Speaking in the House of Commons, Dominic Raab said Alexander Lukashenko, who was sworn in as president this week in a secret ceremony, has “a lack of legitimacy”.
Mr Raab said Britain did not accept the results of the rigged election and condemned the “brutality” imposed on protesters in Belarus.
He told the House of Commons that it was “critical that those responsible for fraudulent elections and human rights violations be held to account”.
He said while the UK was willing to join the EU’s plans for targeted sanctions, the delays in Brussels meant the UK would join other allies in adopting targeted sanctions against those responsible. human rights violations.
He decided to head the foreign affairs office to coordinate with the United States and Canada instead.
He said: “In view of the delay and the fraudulent inauguration of Lukashenko, I have asked the sanctions team at the Foreign Ministry to prepare Magnitsky sanctions for those responsible for serious human rights violations.
“We are working in coordination with the United States and Canada to urgently prepare appropriate lists.
“We will apply all the tools at our disposal to hold Lukashenko and his regime to account. ”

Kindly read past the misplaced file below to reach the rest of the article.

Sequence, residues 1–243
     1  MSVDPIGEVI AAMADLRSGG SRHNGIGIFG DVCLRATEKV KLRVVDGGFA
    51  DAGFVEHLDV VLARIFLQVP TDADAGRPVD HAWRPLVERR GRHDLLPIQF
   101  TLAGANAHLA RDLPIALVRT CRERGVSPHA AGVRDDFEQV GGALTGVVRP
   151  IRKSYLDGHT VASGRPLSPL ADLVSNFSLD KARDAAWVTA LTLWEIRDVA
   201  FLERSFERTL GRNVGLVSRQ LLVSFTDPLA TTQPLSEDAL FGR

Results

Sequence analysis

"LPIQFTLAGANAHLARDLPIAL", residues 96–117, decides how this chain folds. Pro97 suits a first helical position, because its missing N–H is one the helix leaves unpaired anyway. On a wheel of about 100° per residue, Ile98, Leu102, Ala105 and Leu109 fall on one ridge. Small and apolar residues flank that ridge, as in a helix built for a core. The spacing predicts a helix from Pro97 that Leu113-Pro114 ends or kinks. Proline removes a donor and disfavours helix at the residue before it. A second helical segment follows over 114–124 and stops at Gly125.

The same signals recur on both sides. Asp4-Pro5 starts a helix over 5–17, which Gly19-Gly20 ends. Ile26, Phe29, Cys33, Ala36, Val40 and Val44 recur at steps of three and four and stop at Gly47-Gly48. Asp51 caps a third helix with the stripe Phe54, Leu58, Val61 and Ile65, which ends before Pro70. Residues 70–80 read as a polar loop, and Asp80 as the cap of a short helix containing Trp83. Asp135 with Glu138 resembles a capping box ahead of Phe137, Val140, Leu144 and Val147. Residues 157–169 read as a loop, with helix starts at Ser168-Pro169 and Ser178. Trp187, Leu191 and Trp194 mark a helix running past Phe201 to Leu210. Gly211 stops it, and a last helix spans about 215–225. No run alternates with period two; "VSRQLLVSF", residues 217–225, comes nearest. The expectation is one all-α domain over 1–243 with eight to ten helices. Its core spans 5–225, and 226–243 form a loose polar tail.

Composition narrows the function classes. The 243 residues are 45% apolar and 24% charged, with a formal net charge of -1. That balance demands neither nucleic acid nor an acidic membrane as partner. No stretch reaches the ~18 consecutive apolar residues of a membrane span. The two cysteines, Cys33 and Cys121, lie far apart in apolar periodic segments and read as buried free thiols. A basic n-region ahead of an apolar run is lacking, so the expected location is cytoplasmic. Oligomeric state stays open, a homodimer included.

Mr Raab told the House of Commons that the UK would double the amount of financial support given to human rights groups, independent media organizations and community groups, to a total of 1.5 million additional pounds over the next two years.
This includes £ 800,000 of support for journalists, especially in Belarus, to help “shed light” on the crackdown in that country.
Thousands of Belarusians took to the streets of the capital of Minsk and other cities on Wednesday evening to protest against the unexpected inauguration of President Alexander Lukashenko which took place in the morning.
The police fiercely dispersed the crowds; in Minsk, officers used batons and water cannons, injuring dozens. More than 360 protesters were arrested.
He almost follows seven weeks of rallies against the re-election of the authoritarian leader, which, according to the opposition, was rigged.
The EU said Thursday that Lukashenko’s swearing in to a sixth term lacks democratic legitimacy, defies the will of the Belarusian people and will only worsen the country’s political crisis.
EU foreign policy chief Josep Borrell reiterated that the 27-country bloc had failed to recognize the outcome of the August 9 elections that kept Lukashenko in power after 26 years.
He said: “This” inauguration “directly contradicts the will of a large part of the Belarusian population, expressed in numerous peaceful protests unprecedented since the elections, and only serves to further deepen the political crisis in Belarus. ”
On Monday, EU foreign ministers failed to impose sanctions on Belarusian officials suspected of electoral fraud or of participating in a brutal security crackdown on post-election protests, despite calls from Lukashenko’s main opponent to take measures.
Cyprus continues to block sanctions until similar measures are imposed on Turkey for its disputed energy exploration in the eastern Mediterranean Sea.
EU leaders will try to break the deadlock when they meet in Brussels on October 1.